Jack of all trades, master of none.. But who ever needs a master of something these days? With so many hard problems solved and complex tasks automated, a single person can achieve a lot across the whole field. Let’s say you aren’t google or facebook. Let’s say you are a one in a million middle-sized company who needs a custom built backend to manage their product and customers, a marketing-communication strategy to reach out to their target audience (newsletters, social media, etc.), and a website for online presence and personal branding that ranks well in google and provides relevant information to customers. A single person at a normal full-time position can actually provide all these things. And a team of two or three people can make something really striking.

I can’t say that being a generalist is a good route for everyone (or even most people). But I’ve had a taste of both extremes, and I want to make a case for generalism because most people I’ve spoken to seem to prefer to specialize.

When I was a front-end developer at my previous employer, I was one guy on a five person team, who took care of a small part of developing Magento webstores. We had guidelines for everything that anyone could have an opinion on, down to the way one should arrange css selectors or formulate pre-select hooks.

At my current position (at a much smaller company), I am the front-end team. I am also the design team, as well as the marketing team. As such, my responsibilities are spread out fairly wide and involve:

  • Designing company website (From UX to wireframes to design in photoshop) (Every so often, the website gets an update)
  • Building company website (used to be Drupal, now WordPress) (From choosing framework to back-end development and front-end development)
  • Updating website (themes, plugins, etc.)
  • Extending website with new features
  • Creating mini sites for special events
  • Proposing new technologies, etc.
  • SEO strategy and implementation
  • Creating and maintaining content (text, images, video, url health, etc.)
  • Writing MySQL queries for customer portal
  • Design newsletter templates (layout, images, Mailchimp integration)
  • Proof reading texts (English)
  • Creating icons for online and offline use
  • Participating in design for core product (a web-app)
  • Planning and guarding deadlines
  • Selecting and purchasing stock photography (weighing price, image quality, rights, etc.)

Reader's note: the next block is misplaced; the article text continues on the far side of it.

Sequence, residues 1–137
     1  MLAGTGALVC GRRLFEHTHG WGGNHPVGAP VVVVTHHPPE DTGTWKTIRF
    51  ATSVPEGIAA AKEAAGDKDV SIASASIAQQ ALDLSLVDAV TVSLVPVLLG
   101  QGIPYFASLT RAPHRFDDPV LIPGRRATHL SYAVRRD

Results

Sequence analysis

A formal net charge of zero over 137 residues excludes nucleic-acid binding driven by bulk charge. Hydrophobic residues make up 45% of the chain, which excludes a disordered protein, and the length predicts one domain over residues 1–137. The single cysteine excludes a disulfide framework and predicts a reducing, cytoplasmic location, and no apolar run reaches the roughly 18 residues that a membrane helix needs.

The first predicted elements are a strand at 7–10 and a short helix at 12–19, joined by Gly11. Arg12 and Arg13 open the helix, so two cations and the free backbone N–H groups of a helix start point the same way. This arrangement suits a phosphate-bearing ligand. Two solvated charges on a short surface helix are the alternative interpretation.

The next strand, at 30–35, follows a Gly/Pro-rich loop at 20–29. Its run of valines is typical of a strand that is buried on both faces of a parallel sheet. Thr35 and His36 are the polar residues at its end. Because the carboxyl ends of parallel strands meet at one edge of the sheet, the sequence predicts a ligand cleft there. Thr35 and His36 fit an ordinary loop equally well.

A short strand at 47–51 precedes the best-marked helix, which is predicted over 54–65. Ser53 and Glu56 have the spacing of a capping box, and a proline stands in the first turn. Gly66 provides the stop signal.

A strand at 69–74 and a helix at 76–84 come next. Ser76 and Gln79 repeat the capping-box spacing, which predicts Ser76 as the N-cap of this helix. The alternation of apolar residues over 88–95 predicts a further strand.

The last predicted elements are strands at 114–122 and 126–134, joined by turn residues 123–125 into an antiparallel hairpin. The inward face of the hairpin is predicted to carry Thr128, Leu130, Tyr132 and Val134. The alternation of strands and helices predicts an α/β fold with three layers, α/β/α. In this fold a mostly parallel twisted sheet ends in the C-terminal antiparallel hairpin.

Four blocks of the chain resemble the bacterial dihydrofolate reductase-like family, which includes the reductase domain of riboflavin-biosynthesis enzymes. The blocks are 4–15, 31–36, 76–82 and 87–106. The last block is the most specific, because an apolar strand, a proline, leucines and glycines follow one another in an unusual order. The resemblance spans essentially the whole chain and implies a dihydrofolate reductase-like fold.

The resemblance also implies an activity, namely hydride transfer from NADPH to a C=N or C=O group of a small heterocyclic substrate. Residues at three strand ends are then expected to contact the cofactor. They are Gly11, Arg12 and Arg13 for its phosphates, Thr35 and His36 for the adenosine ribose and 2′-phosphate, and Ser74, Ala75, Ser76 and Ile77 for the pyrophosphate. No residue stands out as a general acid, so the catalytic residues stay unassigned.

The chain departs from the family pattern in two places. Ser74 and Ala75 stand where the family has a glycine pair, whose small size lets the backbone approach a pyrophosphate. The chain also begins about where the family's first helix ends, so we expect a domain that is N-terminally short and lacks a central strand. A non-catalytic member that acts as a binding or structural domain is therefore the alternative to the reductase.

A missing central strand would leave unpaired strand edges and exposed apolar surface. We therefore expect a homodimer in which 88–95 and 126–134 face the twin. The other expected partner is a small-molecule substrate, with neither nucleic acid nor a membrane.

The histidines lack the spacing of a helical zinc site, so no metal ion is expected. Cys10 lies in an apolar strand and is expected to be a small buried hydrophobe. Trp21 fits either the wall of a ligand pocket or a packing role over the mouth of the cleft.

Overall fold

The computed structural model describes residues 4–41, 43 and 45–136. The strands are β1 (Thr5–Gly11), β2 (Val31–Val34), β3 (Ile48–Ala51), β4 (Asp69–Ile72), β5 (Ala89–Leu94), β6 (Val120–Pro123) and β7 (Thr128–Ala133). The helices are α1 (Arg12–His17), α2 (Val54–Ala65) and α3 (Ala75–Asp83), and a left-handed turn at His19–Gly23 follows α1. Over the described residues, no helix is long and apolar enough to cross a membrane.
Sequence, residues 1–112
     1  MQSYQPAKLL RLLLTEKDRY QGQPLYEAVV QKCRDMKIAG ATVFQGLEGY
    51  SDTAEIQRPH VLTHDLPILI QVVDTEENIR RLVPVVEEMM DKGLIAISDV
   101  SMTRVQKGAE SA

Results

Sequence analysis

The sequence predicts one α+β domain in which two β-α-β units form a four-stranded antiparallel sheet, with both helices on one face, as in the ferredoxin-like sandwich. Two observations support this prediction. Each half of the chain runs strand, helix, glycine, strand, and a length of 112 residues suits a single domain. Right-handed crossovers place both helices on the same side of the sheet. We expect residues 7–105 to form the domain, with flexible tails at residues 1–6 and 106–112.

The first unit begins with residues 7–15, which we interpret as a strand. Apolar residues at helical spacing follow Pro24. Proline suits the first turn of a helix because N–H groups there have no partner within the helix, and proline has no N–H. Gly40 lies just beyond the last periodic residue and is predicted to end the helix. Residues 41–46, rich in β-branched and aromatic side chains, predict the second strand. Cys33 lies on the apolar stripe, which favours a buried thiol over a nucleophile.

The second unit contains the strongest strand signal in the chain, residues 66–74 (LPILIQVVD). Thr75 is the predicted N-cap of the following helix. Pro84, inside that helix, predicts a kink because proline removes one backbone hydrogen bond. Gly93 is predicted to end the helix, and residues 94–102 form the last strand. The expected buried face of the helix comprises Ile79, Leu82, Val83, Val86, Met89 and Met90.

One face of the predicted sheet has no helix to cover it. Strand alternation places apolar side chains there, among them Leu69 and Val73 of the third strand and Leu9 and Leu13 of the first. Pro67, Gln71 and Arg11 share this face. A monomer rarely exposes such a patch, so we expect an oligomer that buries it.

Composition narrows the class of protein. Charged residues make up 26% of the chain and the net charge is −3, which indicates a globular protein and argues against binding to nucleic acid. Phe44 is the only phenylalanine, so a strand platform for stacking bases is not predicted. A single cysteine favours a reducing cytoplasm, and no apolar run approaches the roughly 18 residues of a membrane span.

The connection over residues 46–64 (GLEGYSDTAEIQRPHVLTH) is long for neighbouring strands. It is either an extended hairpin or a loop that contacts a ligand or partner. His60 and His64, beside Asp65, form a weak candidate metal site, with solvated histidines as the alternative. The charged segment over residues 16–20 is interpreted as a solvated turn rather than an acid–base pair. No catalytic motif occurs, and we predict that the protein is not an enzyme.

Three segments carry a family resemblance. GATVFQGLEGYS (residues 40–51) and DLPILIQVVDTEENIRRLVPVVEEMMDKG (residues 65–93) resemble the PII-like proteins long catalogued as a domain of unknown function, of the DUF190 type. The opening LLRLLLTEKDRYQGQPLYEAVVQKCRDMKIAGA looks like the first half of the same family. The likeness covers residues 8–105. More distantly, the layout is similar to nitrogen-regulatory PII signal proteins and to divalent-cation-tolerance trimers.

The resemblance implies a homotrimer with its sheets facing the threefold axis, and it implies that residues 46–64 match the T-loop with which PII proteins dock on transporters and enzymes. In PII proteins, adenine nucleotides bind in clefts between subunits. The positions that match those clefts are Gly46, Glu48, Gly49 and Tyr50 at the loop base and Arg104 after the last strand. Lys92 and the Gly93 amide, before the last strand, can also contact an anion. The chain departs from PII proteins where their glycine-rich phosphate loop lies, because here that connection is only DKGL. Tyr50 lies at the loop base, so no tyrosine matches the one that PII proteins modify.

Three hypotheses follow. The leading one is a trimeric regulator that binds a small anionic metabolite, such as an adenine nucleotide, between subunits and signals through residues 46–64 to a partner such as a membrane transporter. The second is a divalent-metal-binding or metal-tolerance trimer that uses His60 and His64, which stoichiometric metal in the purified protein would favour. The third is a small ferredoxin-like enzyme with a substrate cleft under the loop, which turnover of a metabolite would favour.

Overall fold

• Managing resources (anything from hardware and software, to colleagues time)
  • Creating digital documents like Powerpoint presentations, roadmaps, brochures, comparison charts, sponsor information, etc.
  • Updating and guarding company style guide (everyone will try to get their personal favorite style into the end-product)
  • Choosing fonts for online and offline use (make sure rights are in order)
  • Photography at company events as well as product photography for marketing purposes
  • Image manipulation
  • Creating campaigns for holidays, special events, new software releases, etc.
  • Designing print material like brochures, posters, stickers, flags and t-shirts, umbrella’s, etc.
  • Ordering print materials and managing misprints; know which printer to go to, which paper to choose, how to deliver files to printer (cmyk, vector files, embedded resources, cut-off area, get refunds if needed, etc.)

Of course, being a specialist allowed me to get really good at one technique and with one framework, because that was the only thing I worked with all day long. But the point is not just about becoming the best that you can be at your specific trade. It’s also achieving a sense of being human, rather then a perfectly tuned manipulator of highly specific systems.

Being a generalist allows be to dive into code for a solid week, and then switch it up with a couple of days of designing print materials. It allows me to birth an idea for a holiday campaign, and see it through from beginning to the end. It allows me to say that we need to cut corners on our SEO efforts, because the newsletters have a higher business value. In short, being a generalist allows me to think big thoughts, instead of endlessly perfecting the same task over and over. And at least for now, this seems to out-weigh the sacrifice of not being able to really master a single technique.

“A human being should be able to change a diaper, plan an invasion, butcher a hog, conn a ship, design a building, write a sonnet, balance accounts, build a wall, set a bone, comfort the dying, take orders, give orders, cooperate, act alone, solve equations, analyze a new problem, pitch manure, program a computer, cook a tasty meal, fight efficiently, die gallantly. Specialization is for insects.”
— Robert Heinlein, Time Enough for Love